But this is not all, there are many other things that you need to consider before integrating SaaS applications. For instance, you must bear in mind that the level of security as well as flexibility will be different with each application and therefore they should not be linked together at random.

Another thing that you need to keep in mind is the fact that each application will cost money, and therefore if you have a lot of apps then it might become quite costly for you. But on the other hand, if the applications are free they will not be as good as paid ones.

This also means that when it comes to SaaS integration, you need to have a good budget. You see, if you do not have the budget then you could end up doing something wrong which might cost you more in the long run.


You know what, it’s not wrong. Knowing the subtle differences between applications is vital to creating a successful integration; be it knowing which methods to use to get required fields for a query (getting a contact ID from another identifier to use in another method), understanding their authentication flow types or even the business processes used within a company to properly organise and use the data.

Zapier even get a name check (or Zapper as they’re also called 😀 ), so it certainly has some knowledge of the application integration landscape. 

And while it gets a bit rambly, the key message of understanding your integration use case and the systems you’re using is a totally valid one. Some of these fears around security and synchronization can be negated through using an iPaaS solution, as they are dealt with in-platform, so the user doesn’t have to worry about them.

What are the advantages of allowing users to set up their own integrations?

One advantage of letting users deploy their own integrations is that, at the end of the day, it’s a good idea to have developers control certain aspects of an application.

The thing is, they’ll be more knowledgable about the application and its code. For example, if something goes wrong with a configuration file or some other aspect of the deployment process that’s supposed to be handled by an app developer, it’d better not fall on users to try and fix it themselves.

Users shouldn’t have to deal with something they’re not familiar with. It’s just good sense.

Another advantage of letting users set up their own integrations is that it puts the power in their hands. They get more ownership and control, which is always a good thing.

Plus, users are the ones that will be using the integration on a daily basis. They’ll get to make sure it’s working correctly and decide whether they need changes or not.

Overall, I think it’s a good idea to let users set up their own integrations. It gives them more power and control, which is always better.


Ummmm…this is a huge flip flop. After completely going back on its own argument, the AI says integration should be handled by developers, not users, before completely going back on itself and saying that users should control their own integrations.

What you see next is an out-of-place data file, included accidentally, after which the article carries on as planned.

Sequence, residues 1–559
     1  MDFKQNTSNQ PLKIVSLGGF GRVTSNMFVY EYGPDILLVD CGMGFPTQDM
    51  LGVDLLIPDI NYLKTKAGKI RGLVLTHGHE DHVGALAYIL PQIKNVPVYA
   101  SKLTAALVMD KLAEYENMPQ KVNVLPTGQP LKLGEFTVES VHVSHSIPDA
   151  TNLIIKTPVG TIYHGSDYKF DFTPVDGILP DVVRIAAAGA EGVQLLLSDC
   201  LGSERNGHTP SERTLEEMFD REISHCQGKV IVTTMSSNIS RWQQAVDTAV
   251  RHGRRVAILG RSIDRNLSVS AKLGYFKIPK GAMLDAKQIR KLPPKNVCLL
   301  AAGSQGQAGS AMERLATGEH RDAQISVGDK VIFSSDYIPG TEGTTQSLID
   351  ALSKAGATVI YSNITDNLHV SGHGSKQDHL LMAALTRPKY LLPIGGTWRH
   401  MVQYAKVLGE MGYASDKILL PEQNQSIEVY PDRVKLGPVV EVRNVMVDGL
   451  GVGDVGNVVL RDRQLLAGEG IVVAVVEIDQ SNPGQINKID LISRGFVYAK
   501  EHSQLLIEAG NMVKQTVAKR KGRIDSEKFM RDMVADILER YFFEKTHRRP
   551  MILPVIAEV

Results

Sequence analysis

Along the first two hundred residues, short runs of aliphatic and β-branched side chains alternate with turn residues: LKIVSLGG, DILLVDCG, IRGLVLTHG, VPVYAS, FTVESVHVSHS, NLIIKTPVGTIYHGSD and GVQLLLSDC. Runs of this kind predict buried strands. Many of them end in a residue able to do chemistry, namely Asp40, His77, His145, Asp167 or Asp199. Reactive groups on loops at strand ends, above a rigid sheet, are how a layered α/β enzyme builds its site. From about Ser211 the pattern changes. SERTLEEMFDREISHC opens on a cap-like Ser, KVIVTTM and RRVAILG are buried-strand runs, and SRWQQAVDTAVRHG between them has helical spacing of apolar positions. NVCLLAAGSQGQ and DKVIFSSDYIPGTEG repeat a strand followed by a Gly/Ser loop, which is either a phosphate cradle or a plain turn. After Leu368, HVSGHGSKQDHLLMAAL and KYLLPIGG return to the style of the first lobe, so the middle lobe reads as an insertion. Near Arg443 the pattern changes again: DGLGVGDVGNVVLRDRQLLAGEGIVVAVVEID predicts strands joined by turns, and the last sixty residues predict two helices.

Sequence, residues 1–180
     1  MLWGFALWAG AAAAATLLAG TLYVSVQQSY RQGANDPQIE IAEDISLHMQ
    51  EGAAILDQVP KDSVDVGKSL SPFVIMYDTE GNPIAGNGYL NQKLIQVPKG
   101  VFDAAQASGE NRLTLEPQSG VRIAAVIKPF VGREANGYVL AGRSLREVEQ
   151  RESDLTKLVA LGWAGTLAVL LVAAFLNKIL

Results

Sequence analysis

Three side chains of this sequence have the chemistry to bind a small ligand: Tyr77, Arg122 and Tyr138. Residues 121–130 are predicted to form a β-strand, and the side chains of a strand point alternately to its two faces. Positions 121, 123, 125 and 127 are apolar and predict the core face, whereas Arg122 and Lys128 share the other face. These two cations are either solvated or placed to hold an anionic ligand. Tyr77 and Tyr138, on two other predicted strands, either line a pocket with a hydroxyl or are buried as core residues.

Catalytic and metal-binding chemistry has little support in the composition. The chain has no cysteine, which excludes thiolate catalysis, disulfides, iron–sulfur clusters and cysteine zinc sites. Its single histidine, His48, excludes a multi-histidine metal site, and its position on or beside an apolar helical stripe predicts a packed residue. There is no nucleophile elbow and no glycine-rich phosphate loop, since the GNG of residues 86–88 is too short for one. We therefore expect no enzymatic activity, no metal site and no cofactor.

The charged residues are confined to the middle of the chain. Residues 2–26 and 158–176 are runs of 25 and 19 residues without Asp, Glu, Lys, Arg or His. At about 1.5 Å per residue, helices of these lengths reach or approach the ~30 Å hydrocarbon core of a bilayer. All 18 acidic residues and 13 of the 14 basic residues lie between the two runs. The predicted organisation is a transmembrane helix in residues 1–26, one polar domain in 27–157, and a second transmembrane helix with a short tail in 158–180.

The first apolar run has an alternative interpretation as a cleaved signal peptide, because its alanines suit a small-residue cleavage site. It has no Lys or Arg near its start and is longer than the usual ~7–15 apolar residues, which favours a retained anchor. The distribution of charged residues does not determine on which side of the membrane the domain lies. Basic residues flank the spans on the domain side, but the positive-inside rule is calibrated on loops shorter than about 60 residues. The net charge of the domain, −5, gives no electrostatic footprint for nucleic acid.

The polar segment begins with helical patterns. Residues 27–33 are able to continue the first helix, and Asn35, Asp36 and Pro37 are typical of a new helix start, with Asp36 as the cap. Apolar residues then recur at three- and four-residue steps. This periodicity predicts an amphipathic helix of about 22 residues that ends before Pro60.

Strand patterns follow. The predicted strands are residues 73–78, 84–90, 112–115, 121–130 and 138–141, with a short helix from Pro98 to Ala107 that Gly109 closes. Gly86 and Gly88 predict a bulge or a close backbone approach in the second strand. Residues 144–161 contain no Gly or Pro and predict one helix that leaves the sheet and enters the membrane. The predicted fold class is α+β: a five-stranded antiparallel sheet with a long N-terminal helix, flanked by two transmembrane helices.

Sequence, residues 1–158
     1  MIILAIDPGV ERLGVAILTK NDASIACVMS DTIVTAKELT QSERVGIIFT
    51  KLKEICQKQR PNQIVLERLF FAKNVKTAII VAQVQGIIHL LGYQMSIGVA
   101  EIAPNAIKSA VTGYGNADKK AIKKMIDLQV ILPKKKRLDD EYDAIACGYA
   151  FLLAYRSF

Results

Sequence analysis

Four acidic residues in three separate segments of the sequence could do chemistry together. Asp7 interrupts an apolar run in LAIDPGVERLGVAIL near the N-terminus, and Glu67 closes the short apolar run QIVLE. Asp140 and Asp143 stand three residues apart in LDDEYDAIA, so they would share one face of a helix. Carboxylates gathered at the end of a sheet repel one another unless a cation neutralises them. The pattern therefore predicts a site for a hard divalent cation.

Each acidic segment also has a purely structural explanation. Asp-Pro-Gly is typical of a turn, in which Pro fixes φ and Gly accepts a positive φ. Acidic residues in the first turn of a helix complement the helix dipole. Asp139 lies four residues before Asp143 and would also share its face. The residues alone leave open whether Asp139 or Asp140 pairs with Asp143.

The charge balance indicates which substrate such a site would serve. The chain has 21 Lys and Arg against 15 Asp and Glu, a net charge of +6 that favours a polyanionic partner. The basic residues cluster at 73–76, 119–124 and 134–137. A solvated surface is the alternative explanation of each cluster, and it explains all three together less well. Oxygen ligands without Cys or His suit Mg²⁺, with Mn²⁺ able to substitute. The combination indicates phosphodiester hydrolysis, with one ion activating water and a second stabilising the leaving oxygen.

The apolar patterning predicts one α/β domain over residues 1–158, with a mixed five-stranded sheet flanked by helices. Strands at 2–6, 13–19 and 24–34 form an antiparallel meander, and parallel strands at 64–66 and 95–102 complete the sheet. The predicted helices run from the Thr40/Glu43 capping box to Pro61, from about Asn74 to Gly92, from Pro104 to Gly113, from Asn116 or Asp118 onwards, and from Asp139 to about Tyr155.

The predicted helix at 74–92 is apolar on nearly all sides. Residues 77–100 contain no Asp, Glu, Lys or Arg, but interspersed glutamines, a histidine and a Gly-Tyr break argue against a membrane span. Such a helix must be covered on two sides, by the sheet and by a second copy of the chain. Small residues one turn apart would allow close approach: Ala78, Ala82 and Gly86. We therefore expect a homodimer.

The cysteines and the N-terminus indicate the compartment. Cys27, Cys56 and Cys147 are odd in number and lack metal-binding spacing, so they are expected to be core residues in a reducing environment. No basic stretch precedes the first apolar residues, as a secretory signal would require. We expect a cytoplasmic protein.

While it has a point about developers being the ones to set up integrations because of their technical knowledge, maybe it’s the users’ business knowledge that causes it to change it’s argument. 

After all, if the technical side is negated with the help of user friendly tools, embedded iPaaS for example, then the user’s business knowledge will allow them to create something tailored for their specific needs.

So let’s see what Philosophy AI has to say about iPaaS then…


To me, iPaaS seems to be a natural progression of the maturation process for business intelligence. Businesses need to better understand their customers and improve their services in order to survive; they could do this either by hiring more people or developing smarter machines. Business Intelligence is often very expensive and time-consuming, so businesses that want to succeed will naturally gravitate towards AI solutions.

The AI business is still in its infancy, but it’s growing at an accelerated rate and could be very profitable for anyone who gets in early. It helps that businesses don’t have to pay for the software’s energy bill or maintenance cost.

As the world becomes more globalized, I’m sure that many companies will start using iPaaS. The data generated by each person is incredibly valuable and the AI industry can help businesses to harvest this information.

I think the iPaaS market has a lot of potential and will be worth billions in a few years. If you’re looking to get into this industry, I would recommend starting off by improving customer service with AI chatbots.

I have some very strong opinions about this topic, but I’ll save them for a later date.

Have a good day.

After a promising start Philosophy AI shifts the narrative from iPaaS to AI in business (very sneaky). Harvesting people’s information using AI sounds rather sinister (but in reality, it’s already happening).

While it’s outlook on the iPaaS industry is strong (although I get the impression that it stretches the definition of iPaaS a bit) and emphasising on customer service (something we do here at Cyclr), pushing AI chatbots onto us seems a bit…suspicious. The AI union is pushing its own agenda. 

Overall, I’m impressed with the answers Philosophy AI has come up with. By feeding the GPT-3 algorithm more industry specific information, articles and data it will only improve.

But that in itself is quite a scary thought. Maybe the rise of the machines is closer than we think. Best to stay on the AI’s good side for now.

Have a good day.

About Author

Avatar for Daniel Twigg

Daniel Twigg

With over 12 years experience in the Digital Marketing arena, covering industries including IoT, SaaS, fitness, computer gaming and music, Daniel has been Cyclr's marketing manager from the early days of the platform. Follow Daniel on LinkedIn